Subsidence of the US Gulf Coast and crustal loading, geophysics, and geodesy

Category Other
Group GSI.IR
Location International Geological Congress,oslo 2008
Author Dokka, Roy۱; Ivins, Erik۲; Blom, Ronald۲
Holding Date 07 October 2008

Hurricanes Katrina and Rita focused attention on the vulnerability of the U.S. Gulf Coast. Several processes have been documented to contribute to this vulnerability, including wetland loss due to lack of present day sediment flux, land subsidence due to sediment compaction and oxidation, fluid withdrawal, salt evacuation, tectonics, and also crustal loading. Relative contributions of each, and their net subsidence effects, are poorly constrained and controversial. Meanwhile, it is urgent to provide policy makers and the civil engineering community with accurate estimates of subsidence rates to protect lives and infrastructure.
One of the least studied subsidence driving phenomena is the effect of crustal loading due to Mississippi River sediments deposited during deglaciation, and also the geologically recent ~130 m rise in sea level. Crustal response to these loads continues today. We model subsidence rates expected from sediment and sea-level rise loads using methods developed for, and validated by, research on post-glacial rebound. We use geodetic data from recently validated traditional surveying and continuously operating GPS stations to constrain the geophysical modeling. We consider time-varying Pleistocene and Holocene sediment loading of the Gulf of Mexico which forces the solid earth into isostatic disequilibrium. Viscoelastic and gravitationally reasonable values are here considered with a detailed loading history to model and predict subsidence due to ocean and sediment loading. We do not consider other factors in this analysis. Holocene depositions in the delta and shore-zone of the Mississippi River, and upper mantle viscosities, are key ingredients for modeling a load response that broadly corresponds to geodetically controlled vertical motions. Upper mantle viscosities inferred from recent studies of Laurentide glacial isostatic adjustment are consistent with the viscoelastic ’memory’ required for this unique sensitivity to Holocene and post-glacial transition era sediment loading. We can vary crustal properties and compare and contrast model predictions with present day geodetic observations to refine the geophysical modeling.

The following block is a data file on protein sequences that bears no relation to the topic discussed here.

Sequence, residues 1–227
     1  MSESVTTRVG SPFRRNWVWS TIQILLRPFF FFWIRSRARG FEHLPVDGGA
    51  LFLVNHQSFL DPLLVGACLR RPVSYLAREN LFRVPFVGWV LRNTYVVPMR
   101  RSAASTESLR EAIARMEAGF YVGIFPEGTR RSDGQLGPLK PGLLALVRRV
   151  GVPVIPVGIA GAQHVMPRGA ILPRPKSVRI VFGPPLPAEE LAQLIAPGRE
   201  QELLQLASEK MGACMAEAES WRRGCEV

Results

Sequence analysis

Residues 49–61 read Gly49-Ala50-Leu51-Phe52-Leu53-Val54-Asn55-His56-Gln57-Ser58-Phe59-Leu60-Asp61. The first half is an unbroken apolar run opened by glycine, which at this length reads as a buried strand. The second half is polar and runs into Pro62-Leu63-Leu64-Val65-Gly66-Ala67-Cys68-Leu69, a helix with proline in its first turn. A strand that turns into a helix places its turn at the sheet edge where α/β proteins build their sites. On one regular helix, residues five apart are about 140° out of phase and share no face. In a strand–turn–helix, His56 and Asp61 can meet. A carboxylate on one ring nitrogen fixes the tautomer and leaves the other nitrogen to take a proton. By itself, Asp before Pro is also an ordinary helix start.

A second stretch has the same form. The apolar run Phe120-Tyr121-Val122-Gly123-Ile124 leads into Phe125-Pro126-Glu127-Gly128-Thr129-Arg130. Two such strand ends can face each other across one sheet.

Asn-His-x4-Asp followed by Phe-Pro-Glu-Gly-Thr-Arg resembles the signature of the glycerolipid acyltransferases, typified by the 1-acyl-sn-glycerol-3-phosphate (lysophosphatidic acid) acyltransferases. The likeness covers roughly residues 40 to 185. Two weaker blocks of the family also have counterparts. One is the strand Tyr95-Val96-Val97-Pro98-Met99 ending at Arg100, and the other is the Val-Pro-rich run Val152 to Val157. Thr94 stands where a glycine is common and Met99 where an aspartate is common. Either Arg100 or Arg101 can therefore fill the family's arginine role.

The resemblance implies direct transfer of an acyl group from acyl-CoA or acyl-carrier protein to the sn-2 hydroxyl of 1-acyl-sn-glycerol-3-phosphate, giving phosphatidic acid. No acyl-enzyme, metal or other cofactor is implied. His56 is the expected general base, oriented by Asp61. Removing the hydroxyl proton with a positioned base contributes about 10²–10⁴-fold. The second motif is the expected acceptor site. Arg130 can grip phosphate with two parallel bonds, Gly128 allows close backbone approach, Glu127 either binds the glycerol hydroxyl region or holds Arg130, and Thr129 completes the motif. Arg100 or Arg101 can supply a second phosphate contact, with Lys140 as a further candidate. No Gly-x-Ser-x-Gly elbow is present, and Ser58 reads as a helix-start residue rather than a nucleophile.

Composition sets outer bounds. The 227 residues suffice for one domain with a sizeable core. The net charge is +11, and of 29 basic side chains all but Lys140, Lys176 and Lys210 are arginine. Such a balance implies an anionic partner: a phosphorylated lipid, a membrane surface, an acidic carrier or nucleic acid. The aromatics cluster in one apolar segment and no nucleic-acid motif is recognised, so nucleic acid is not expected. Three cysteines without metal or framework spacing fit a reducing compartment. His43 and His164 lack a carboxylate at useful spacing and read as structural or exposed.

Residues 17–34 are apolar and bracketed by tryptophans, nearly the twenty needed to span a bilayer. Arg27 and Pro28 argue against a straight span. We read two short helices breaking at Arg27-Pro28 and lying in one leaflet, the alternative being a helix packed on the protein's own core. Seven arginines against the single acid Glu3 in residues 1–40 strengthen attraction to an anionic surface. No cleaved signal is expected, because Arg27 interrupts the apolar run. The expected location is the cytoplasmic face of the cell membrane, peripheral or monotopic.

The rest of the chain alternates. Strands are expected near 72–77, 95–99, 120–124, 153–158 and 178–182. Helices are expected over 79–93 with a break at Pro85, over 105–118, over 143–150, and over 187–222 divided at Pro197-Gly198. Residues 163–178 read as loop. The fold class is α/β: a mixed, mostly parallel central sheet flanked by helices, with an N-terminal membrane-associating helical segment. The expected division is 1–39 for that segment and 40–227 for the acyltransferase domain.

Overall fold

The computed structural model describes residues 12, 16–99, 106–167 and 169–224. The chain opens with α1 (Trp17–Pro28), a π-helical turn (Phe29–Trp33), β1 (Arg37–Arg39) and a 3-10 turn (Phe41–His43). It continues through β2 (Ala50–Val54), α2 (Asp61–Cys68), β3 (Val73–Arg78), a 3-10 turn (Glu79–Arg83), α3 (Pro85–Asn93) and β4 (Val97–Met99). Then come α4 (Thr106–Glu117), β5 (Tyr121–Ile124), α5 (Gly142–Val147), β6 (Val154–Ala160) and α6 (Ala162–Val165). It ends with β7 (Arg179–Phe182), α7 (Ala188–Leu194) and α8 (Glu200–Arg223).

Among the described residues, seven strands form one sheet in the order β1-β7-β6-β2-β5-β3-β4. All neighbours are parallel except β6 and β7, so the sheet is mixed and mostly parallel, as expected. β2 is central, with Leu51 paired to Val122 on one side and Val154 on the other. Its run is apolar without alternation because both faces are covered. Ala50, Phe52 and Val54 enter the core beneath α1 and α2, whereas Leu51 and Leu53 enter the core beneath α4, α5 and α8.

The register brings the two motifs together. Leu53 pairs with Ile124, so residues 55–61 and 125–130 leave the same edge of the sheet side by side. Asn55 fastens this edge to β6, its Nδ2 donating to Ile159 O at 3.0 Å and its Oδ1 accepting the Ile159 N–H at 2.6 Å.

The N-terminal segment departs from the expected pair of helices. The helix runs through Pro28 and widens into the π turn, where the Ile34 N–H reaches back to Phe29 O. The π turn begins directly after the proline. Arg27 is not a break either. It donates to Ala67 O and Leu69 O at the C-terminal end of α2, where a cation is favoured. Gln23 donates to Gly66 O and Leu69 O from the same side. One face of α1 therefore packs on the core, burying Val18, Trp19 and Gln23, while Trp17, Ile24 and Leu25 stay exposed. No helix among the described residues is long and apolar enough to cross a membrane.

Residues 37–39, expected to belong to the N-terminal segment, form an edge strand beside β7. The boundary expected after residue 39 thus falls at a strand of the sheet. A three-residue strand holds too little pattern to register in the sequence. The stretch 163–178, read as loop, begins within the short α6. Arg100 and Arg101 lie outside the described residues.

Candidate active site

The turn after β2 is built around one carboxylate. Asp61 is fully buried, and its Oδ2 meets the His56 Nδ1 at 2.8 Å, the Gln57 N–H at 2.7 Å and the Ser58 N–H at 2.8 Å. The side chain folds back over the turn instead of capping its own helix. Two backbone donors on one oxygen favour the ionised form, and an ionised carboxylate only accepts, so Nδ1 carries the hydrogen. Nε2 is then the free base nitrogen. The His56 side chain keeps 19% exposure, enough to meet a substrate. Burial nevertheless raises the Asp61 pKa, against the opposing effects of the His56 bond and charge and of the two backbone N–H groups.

Our model-predicted, and geodetically-observed, vertical subsidence rates vary between 2 - 8 mm per year over areas of 30,000 to 750 square kilometers, respectively. This viscoelatistic flexure is the background crustal deformation field, upon which larger amplitude, but smaller spatial scale, subsidence occurs due to the other factors mentioned. These results are integrated into GIS data bases for the region from which one can assess impact of predicted subsidence. Additionally, current sea-level rise rate must also be considered by policy makers and the civil engineering community.